Sequoia National Park photo contest

So this surprised me this morning.

I haven’t been in a contest or competition or vied for an award for pretty much my entire adult life. It’s not my thing. In high school, my teachers entered paintings I did in school district contests without even asking (which is indirectly related to how I got accepted in to college, what with my uninspiring academic performance). I was nominated best artist in my senior year, or something like that. My main art teacher wisely vetoed the win that most people seemed to agree was mine to have, and gave it to the school paper cartoonist instead. To teach me a lesson.

It worked.

Thank you Jerry Citrin for that. Sincerely, I thank this wonderful, inspiring man many days of my life for teaching me that lesson.

On a lark, a few weeks ago, I saw the SEKI announcement about the photo contest, and figured, what the hell, throw a couple photos in the ring, and forget about it.

For a change, that’s what I did.

A friend asked what the prize is. I don’t know. I didn’t look, and I’m not concerned. I’m sure it’s cool, whatever it is.

Mainly, I’m glad to give a little something back to SEKI NPS, a place that holds some of the universe’s most beautiful secrets. Some are easy to find. Others take work and knowledge and skill, and sometimes just a touch of fearlessness. The place that yielded this photo is unseen by probably 95% of all the parks’ visitors. Simply getting there is half the photograph.

But as with all of the secrets of the mountains and forests and deserts, the getting there is its own reward, and as long as the trees will ever stand and the water will ever move, that reward precedes, and then follows, any mere photograph we might ever take.

Morton Feldman: piano music

Pre-orders of Another Timbre’s new 5 CD set of almost all of Feldman’s piano music shipped today. I’m so excited!

I’m listening to Philip Thomas’ performance of “Triadic Memories” right now. It is wonderful.

If you ordered already, access to an uninterrupted .flac of the 90 minute piece is provided. Hence, this preview.

Buy it today, directly from Another Timbre.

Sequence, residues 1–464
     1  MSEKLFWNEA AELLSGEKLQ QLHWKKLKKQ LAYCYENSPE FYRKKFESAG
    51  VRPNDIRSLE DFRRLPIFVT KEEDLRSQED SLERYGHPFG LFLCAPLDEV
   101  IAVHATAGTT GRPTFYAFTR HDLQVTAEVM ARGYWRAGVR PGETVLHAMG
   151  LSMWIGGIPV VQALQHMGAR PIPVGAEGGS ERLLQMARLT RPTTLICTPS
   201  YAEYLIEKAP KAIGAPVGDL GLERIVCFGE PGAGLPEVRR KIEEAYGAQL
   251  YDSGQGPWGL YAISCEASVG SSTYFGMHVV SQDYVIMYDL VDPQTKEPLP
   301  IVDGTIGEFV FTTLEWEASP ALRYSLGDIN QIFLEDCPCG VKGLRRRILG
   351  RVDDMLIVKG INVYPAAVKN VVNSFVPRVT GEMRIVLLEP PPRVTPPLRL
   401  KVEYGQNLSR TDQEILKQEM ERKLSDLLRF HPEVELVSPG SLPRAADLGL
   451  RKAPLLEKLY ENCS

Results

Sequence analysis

Powerviolence, cuteness, hardcore

So when I speak of punk here, I mean a particular type of hopelessness, one that is an affective response to a bleak reality: running oneself into the ground or otherwise spasmodically squirming under the pressure; being loud as hell and being certain that it ultimately amounts to little noise. What I’m getting at here is hardcore as it relates to a sadomasochistic use of the term, an autoerotic impulse to step on yourself, to get in your own way, to treat yourself like trash. It’s in Henry Rollins’ and Darby Crash’s self-loathing. It was there in Iggy Pop’s and Alan Vega’s proto-punk self-immolation. It was there from the start but lost as delusions of success (and sometimes, frankly, delusions of political agency) developed. What I’m talking about is hardcore as a tool for the enunciation of panic and disillusionment. It couldn’t last long. It didn’t. But in the cracks of its short run (Reagan’s first term, 1981-1984) were a handful of records that exemplified the genre’s potential and preempted darker styles to come.

This essay by Ben Levinson offers a remarkably fresh and perceptive take on some of the more theoretical implications of a particular time, centered in the 1980s, in the evolution of punk, hardcore, thrash, metal, and other related forms of expression.

It also happens to connect quite deeply with my own experience as a teenager in the early 80s. I saw many of these bands many times. I shared stages with some of them, with bands I was in. I was friends with them. I contributed photographs to zines and album covers; wrote reviews, designed flyers, recorded demos…I was fully committed. While bands like Siege and Infest appeared at a time when I’d already mostly drifted away from hardcore, the culture surrounding their antecedents was everything to me; the stuff that buoyed me through high school. In September, 1985, I moved to San Francisco to go to college (in the back of a touring van of a band no less; I slept in there for a few days). Then the world broke open in a hundred other new ways, much as the first time I heard Black Flag, in junior high, was its owns supernova, before that. There was no looking back.

As if it’s not obvious to the people who really know me, the values and conceptual filters and assumptions on which a lot of my thinking is based today were developed and adopted in this time, and it’s gratifying to discover a younger generation reading this rather hermetic culture so perceptively.


Relating to the previous subject:

I am often suspicious of songs which too readily seek out the tonic, but there are certain exceptions I make.

Sleep point to the apotheosis of the tonic. Indeed, “Dopesmoker” is a vast, glorious paean to the hallowed joy of the tonic.

It’s a one hour journey everyone should take every now and then, as a tonic, as it were.